Outside the walls is a building called the Charnel House. In this former chapel sits the skeleton of St. Stephen, who built a small confessional on the mountain side for ascending pilgrims. He died in 580 A.D. The skeleton sits upright clad in a purple robe which was a gift from tsarist Russia. The monks say the dry, hot climate keeps the remains and the vestments in a good state of preservation. Near St. Stephen are the skulls and bones of the monks who have died in the monastery. The bones are exhumed from a nearby cemetery after a suitable period of time.

The sight may not be very cheering, and some might find it gruesome. But somehow, in that setting, it does not seem objectionable. The entire vista, the elemental force and milieu of the desert, contribute to the psychological effect and seem to underscore the Bibical reminder: "For dust thou art, and unto dust shalt thou return."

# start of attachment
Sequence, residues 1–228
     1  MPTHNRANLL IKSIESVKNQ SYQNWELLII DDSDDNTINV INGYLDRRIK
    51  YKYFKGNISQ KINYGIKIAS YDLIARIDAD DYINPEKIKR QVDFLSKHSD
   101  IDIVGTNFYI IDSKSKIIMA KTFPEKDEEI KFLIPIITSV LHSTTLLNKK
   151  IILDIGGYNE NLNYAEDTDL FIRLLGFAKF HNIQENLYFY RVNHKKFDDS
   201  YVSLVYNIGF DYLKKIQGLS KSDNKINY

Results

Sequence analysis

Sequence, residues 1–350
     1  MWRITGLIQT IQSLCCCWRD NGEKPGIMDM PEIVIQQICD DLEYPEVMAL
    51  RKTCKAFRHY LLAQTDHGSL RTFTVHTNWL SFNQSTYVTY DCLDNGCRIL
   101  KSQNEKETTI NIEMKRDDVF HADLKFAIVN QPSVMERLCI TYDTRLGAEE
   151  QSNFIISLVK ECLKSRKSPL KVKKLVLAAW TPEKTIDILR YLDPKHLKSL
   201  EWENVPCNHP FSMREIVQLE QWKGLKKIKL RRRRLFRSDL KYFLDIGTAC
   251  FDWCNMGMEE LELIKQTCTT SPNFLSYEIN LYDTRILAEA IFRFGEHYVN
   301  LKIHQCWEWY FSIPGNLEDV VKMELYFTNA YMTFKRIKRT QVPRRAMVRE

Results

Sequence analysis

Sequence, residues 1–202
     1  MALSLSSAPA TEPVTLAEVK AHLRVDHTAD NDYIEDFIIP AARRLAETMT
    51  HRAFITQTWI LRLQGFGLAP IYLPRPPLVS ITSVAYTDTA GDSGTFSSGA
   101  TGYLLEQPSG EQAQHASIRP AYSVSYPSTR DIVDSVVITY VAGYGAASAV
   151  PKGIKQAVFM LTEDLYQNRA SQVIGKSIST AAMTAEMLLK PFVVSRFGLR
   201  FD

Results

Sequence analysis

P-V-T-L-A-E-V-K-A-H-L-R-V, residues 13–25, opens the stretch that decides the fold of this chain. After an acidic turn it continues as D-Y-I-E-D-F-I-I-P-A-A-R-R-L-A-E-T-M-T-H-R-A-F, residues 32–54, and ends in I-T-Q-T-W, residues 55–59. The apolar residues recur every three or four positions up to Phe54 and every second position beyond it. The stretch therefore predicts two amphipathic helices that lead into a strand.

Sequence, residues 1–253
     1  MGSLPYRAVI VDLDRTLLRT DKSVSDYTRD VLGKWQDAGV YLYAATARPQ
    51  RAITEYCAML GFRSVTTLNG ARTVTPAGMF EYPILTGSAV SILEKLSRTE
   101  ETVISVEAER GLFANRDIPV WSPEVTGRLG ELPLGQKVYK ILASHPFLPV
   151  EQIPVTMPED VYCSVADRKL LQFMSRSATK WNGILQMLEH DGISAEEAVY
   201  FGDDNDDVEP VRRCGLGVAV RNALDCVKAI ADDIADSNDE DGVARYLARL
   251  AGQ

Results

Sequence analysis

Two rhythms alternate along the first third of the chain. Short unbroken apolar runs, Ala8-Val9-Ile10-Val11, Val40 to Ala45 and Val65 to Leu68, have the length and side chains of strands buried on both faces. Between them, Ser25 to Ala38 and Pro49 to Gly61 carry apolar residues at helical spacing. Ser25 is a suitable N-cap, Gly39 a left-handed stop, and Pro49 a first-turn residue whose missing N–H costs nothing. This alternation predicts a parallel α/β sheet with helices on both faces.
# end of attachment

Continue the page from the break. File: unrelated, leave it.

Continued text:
One can only speculate on how the monks regard the transfer of sovereignty over the territory. The centuries have seen many occupiers come, stay awhile and then leave. These have included the Romans, the arabs, the Turks and the Crusaders. Even Napoleon held jurisdiction over the monastery for a few short years at the close of the 18th century. No doubt the monks are mindful of the interruption and distraction from their desired contemplative quiet. But is is probable that they view it philosophically, the fanfare and the flag raising as just another historic happening.